CSC Team Members Support Each Other and Community After Hurricane Michael
October 25th, 2018
With a national footprint, CSC teams are exposed to every kind of severe weather event. This fall has been no different. Most recently, it was Hurricane Michael that reached Florida. As with Florence in late summer and the major hurricanes last year, the severe weather gave an opportunity for team members to step up—to help their communities and each other.
Jim Hall, a Service Technician in CSC’s Tampa branch, lives in Blountstown, a small town 50 miles west of Tallahassee with about 5,000 residents that was hit hard by Hurricane Michael in October.
Unlike many residents who fled the path of the hurricane, Hall stayed put and started his volunteer duties as a firefighter and first responder for the Blountstown Fire Department. Hall has other ties that kept him in town as well – his wife is the city manager and his brother is the fire chief.
“When Mike Powers (Executive Vice President for CSC) heard that I was staying, he contacted me and asked if I could get out,” said Hall. “I told him that wasn’t an option and that my family would be staying in a concrete building owned by the Baptist church until the hurricane passed.”
Immediately after the storm, Jim and the other volunteers cleared a path on the road to the hospital and then started knocking on doors.
“People had no power, no water, nothing, so we spent 72 hours with chainsaws and tractors helping to get people out of their homes,” said Hall.
Before the storm hit, Hall got support from his CSC teammates.
Before landfall, Chris Steuernagel (Branch Manager), Pat Leonard (Field Service Supervisor), Doug Amodie (Field Service Manager), Vic Barnett (Operations Manager), Phil Smith (Collection Manager), and Kevin Henderson (Service Technician) reached out to Hall to check-in on his status.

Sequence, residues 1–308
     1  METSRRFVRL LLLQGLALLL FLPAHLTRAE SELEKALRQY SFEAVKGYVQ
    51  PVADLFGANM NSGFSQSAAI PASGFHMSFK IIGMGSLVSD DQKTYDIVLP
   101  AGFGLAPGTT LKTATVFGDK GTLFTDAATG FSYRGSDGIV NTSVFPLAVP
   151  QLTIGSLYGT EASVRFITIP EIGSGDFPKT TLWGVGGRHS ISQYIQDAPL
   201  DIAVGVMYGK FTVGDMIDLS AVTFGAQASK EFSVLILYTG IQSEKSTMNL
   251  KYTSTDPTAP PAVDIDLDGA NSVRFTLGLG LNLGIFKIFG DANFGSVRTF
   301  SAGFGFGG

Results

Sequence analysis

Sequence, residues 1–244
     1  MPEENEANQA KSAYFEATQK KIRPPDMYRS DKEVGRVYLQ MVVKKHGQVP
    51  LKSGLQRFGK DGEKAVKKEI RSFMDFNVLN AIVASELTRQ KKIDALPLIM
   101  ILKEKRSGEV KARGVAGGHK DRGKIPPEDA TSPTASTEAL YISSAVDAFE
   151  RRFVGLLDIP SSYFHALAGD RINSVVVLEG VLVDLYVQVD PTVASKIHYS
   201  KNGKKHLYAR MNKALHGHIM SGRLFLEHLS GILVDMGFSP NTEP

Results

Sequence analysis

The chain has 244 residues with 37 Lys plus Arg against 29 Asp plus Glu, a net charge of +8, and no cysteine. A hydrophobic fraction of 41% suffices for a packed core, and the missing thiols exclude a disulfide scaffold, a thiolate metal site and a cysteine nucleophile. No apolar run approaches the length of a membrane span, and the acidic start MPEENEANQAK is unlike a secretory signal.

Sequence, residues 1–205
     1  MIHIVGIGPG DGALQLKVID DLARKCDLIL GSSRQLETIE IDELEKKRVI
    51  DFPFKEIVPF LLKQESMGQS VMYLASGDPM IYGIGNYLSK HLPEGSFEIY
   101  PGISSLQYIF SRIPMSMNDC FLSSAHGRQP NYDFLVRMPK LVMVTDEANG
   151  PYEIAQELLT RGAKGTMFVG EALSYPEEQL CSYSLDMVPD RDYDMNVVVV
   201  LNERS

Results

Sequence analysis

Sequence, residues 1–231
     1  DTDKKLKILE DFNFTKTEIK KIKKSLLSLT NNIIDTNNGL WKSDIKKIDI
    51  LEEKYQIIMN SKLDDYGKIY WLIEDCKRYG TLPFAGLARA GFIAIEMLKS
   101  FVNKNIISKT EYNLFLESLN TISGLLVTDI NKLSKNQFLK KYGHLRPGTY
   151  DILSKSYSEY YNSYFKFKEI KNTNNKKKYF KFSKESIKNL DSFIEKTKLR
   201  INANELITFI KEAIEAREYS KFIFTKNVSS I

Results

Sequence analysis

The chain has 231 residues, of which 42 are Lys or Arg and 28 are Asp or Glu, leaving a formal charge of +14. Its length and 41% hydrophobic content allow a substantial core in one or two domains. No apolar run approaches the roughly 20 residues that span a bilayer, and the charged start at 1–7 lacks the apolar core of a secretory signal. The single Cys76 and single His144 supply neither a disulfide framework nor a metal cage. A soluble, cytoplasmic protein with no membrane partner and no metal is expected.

“When they understood I didn’t have the option to leave, they asked what I needed and to contact them on the other side of the storm to let them know I’m okay,” said Hall. “It’s one of those times you hate to ask for things but they insisted so I mentioned some things that could help make sure my family is ok and help us take care of others.”
The CSC team provided Hall with two generators, one which was used for his family and one for another first responder, food, a full ice chest, snacks and batteries. “There were so many people unloading and giving and giving,” said Hall.
“Once we knew he was staying to be a first responder, we knew we wanted to do anything we could to help him,” said Steuernagel. “We had Doug, Vic, and Phil working on getting things to bring to him. Being part of that, seeing what was going on in Blountstown, it makes an impression on you. How many people want to step up to the plate and cared. The devastation to the town is profound. I’ve seen a lot of storms and lot of devastation, and it tops what I’ve seen.”
Hall spent time transitioning back to his role as a Service Technician while continuing his duties as a first responder.
“Doug and Chris both told me to do what I need to do by taking care of my family and helping people and continue to support me doing that,” said Hall.